House Speaker Rusty Bowers, R-Mesa. Photo by Jerod MacDonald-Evoy
House Speaker Rusty Bowers plans to continue to move forward with water legislation despite threats by the Gila River Indian Community to leave a seven-state drought plan if that legislation because of it.
If the Gila River Indian Community holds true to its statement and refuses to sign any agreements it could ultimately derail the deal as the federal government’s March deadline approaches.
The legislation, House Bill 2476, would eliminate provisions that allows the tribe to claim Gila River water that has not been used for five years.
The Gila River Indian Community is opposed to the bill and announced on Thursday that, because of HB1476, it won’t sign Arizona’s Drought Contingency Plan.
“Unless the Arizona legislature rejects the bad water policy reflected in HB 2476, the Community will not sign any agreements necessary for the AZ DCP Implementation plan,” Gov. Stephen Roe Lewis of the Gila River Indian Community said on Twitter.
The Gila River Indian Community plays a pivotal role in the DCP because it’s legally entitled to about a fourth of the water that passes through the Central Arizona Project, and the tribe has committed to kicking back some of that water to make the deal work. Now that agreement would be in jeopardy.
Matt Specht, a spokesman for the speaker, said Bowers, R-Mesa, still plans for his bill to be heard on Tuesday in the House Natural Resources, Energy and Water Committee.
In an emailed statement to the Mirror, Bowers said his legislation has nothing to do with the Drought Contingency Plan, and said it’s unfortunate that the tribe is using the plan as leverage to defeat an unrelated bill. He also said the HB2476 doesn’t affect previous or pending legislation, which was another concern that tribe expressed.
“As myself and other legislators traveled around the state educating ourselves on Arizona’s water needs, we were made aware that dozens of rural families are being financially destroyed by ongoing litigation brought by the Gila River Indian Community,” Bowers said about his bill in a statement emailed to the Mirror. “It has nothing to do with the DCP or the water supply for the Community, who will not receive one drop of water from their lawsuits.”
Unless the Arizona legislature rejects the bad water policy reflected in HB 2476, the Community will not sign any agreements necessary for the AZ DCP Implementation Plan.The Community is committed to preserve and protect its tribal settlement water rights now and in the future! https://t.co/Z1Oq5keHg8
— Stephen Roe Lewis (@stephenroelewis) February 15, 2019
Gov. Doug Ducey’s office would not comment on the Gila River Indian Community’s withdrawal from the Drought Contingency Plan or Bowers’s legislation. Ducey spokesman Patrick Ptak said only that the governor is working with other Colorado River basin states to get federal enabling legislation passed for the drought plan, and said the administration is committed to seeing it through, but said nothing about the new threat the plan.
House Democrats sided with the Gila River Indian Community in the dispute.
“It is absolutely unfathomable that the Speaker would go out of his way to provoke one of our most vital partners in a delicately negotiated Drought Contingency Plan and threaten to undermine Gila River Indian Community water rights that were settled over 15 years ago,” House Minority Leader Charlene Fernandez, D-Yuma, said in a press statement. “I don’t know what the Speaker hopes to accomplish with this. But if it’s federal control of our drought contingency measures and the destruction of our Central Arizona agriculture economy, it looks like he’s on the verge of getting it.”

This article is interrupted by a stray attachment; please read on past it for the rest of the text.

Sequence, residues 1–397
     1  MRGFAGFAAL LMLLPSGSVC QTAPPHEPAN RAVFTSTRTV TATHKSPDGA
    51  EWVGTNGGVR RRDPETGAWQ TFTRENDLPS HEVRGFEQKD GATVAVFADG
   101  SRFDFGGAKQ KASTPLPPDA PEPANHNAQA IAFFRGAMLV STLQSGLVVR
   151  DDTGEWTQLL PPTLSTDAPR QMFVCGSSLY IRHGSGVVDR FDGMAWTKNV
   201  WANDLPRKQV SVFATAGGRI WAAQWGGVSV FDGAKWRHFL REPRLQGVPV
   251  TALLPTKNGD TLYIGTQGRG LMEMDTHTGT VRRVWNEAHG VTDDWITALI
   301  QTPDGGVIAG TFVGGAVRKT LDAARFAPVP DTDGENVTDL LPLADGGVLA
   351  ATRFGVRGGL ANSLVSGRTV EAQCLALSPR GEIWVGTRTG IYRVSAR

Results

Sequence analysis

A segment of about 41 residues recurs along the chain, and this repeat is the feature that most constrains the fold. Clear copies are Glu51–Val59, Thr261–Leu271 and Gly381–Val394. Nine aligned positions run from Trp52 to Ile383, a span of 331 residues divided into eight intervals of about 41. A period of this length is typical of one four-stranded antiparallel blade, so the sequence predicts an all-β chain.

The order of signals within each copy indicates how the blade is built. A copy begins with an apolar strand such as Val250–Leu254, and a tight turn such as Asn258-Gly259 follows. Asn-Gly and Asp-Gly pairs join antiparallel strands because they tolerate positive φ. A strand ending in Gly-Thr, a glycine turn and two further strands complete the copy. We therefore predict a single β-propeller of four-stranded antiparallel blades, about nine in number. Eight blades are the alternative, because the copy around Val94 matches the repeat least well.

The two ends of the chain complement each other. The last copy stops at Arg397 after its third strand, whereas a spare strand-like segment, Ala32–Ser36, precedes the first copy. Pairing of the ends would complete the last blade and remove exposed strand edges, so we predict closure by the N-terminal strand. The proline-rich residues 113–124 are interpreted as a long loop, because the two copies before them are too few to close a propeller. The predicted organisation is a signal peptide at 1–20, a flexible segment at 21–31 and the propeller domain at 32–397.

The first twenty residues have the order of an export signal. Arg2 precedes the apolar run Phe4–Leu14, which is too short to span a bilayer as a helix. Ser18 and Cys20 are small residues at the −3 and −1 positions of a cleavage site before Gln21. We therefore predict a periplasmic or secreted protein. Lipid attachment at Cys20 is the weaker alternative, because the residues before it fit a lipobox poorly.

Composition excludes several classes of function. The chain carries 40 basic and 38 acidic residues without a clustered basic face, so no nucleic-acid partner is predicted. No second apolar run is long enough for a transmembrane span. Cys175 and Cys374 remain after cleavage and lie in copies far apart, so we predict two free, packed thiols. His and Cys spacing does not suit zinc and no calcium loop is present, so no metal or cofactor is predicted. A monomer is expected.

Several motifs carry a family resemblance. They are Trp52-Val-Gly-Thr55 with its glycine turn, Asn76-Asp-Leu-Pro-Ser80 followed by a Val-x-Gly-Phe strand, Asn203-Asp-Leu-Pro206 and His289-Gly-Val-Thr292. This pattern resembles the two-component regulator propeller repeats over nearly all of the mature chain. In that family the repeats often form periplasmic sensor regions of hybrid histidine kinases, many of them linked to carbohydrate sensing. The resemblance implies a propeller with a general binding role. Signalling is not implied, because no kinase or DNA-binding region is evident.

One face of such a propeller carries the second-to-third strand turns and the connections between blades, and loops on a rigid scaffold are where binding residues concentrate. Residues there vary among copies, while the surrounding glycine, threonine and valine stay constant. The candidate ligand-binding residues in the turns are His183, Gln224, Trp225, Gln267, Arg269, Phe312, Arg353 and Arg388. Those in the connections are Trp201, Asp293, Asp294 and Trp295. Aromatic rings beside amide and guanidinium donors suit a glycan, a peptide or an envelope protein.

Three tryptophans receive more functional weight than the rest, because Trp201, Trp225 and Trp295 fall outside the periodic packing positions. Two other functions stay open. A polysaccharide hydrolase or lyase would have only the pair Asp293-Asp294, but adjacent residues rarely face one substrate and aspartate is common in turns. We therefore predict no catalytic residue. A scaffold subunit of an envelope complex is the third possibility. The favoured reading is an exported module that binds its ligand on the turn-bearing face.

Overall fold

HB2476 would eliminate provisions in the law that allow the tribe to claim Gila River water that has not been used for up to five years. Under current law, owners of water that ceases or fails to use the water for five successive years lose their rights to it. In those cases, the water reverts back to being public, allowing for it to be appropriated by communities like GRIC.
Lewis warned the Arizona Department of Water Resources last month about the tribe’s concerns in a letter obtained by the Arizona Republic.
“As I have noted on many occasions, the Community is the one of the only, if not the only, entity that would be better off financially if DCP were not to move forward,” Lewis said in the letter. “Our commitment to DCP, therefore, has been premised on the Community’s perception of its role as an accepted and integrated member of the broader Arizona economic and political community.”
Lewis went on to state that the tribe was not part of the discussion on the bill, leading it to feel like it wasn’t a partner at all.
A major reason for GRIC’s opposition has to do with litigation they’ve been involved in for the past 10 years.
The community had been seeking to reclaim water that had not been used by users in the Upper Gila River basin since 2008, which led to lawsuits that ended up in the Ninth Circuit U.S. Court of Appeals.
Ultimately, the court sided with the tribe, stating that it was following Arizona water forfeiture laws. The community even stopped making those requests in order to not upset any groups while the DCP was negotiated,and have not made a request since 2017, according to the letter.
The letter additionally states that the community is reviewing other legislation that could be “problematic,” but did not give any specifics on which bills it was referring to.
The states involved in the DCP have between March 4 and 19 to submit their finalized deals and agreements, and if they are not all in place by the end of that deadline the federal government will intervene and take control of the deal.
A spokesman for the Gila River Indian Community did not respond to a request for comment from the Mirror.
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